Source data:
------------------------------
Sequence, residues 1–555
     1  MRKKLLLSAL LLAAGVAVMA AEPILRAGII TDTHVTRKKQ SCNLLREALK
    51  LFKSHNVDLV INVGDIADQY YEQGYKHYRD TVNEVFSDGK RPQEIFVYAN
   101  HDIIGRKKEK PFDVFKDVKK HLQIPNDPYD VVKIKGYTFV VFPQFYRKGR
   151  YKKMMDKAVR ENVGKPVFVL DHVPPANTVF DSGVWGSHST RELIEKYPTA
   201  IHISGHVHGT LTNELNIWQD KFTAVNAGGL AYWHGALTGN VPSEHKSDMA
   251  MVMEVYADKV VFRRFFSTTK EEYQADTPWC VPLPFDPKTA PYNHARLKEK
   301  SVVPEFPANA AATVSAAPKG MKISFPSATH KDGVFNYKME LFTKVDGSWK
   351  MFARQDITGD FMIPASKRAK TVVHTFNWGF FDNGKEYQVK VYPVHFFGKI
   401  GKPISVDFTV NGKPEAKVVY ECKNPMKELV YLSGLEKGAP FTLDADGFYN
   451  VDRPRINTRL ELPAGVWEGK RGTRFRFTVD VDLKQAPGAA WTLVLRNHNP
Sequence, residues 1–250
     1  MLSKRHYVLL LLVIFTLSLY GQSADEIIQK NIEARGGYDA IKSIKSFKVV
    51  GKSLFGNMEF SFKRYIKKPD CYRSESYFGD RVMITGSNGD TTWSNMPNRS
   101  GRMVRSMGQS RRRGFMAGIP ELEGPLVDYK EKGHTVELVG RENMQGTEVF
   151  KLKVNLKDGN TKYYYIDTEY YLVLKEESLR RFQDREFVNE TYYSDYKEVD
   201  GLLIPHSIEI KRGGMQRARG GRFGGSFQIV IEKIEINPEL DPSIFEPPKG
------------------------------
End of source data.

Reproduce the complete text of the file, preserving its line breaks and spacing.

Sequence, residues 1–555
     1  MRKKLLLSAL LLAAGVAVMA AEPILRAGII TDTHVTRKKQ SCNLLREALK
    51  LFKSHNVDLV INVGDIADQY YEQGYKHYRD TVNEVFSDGK RPQEIFVYAN
   101  HDIIGRKKEK PFDVFKDVKK HLQIPNDPYD VVKIKGYTFV VFPQFYRKGR
   151  YKKMMDKAVR ENVGKPVFVL DHVPPANTVF DSGVWGSHST RELIEKYPTA
   201  IHISGHVHGT LTNELNIWQD KFTAVNAGGL AYWHGALTGN VPSEHKSDMA
   251  MVMEVYADKV VFRRFFSTTK EEYQADTPWC VPLPFDPKTA PYNHARLKEK
   301  SVVPEFPANA AATVSAAPKG MKISFPSATH KDGVFNYKME LFTKVDGSWK
   351  MFARQDITGD FMIPASKRAK TVVHTFNWGF FDNGKEYQVK VYPVHFFGKI
   401  GKPISVDFTV NGKPEAKVVY ECKNPMKELV YLSGLEKGAP FTLDADGFYN
   451  VDRPRINTRL ELPAGVWEGK RGTRFRFTVD VDLKQAPGAA WTLVLRNHNP
Sequence, residues 1–250
     1  MLSKRHYVLL LLVIFTLSLY GQSADEIIQK NIEARGGYDA IKSIKSFKVV
    51  GKSLFGNMEF SFKRYIKKPD CYRSESYFGD RVMITGSNGD TTWSNMPNRS
   101  GRMVRSMGQS RRRGFMAGIP ELEGPLVDYK EKGHTVELVG RENMQGTEVF
   151  KLKVNLKDGN TKYYYIDTEY YLVLKEESLR RFQDREFVNE TYYSDYKEVD
   201  GLLIPHSIEI KRGGMQRARG GRFGGSFQIV IEKIEINPEL DPSIFEPPKG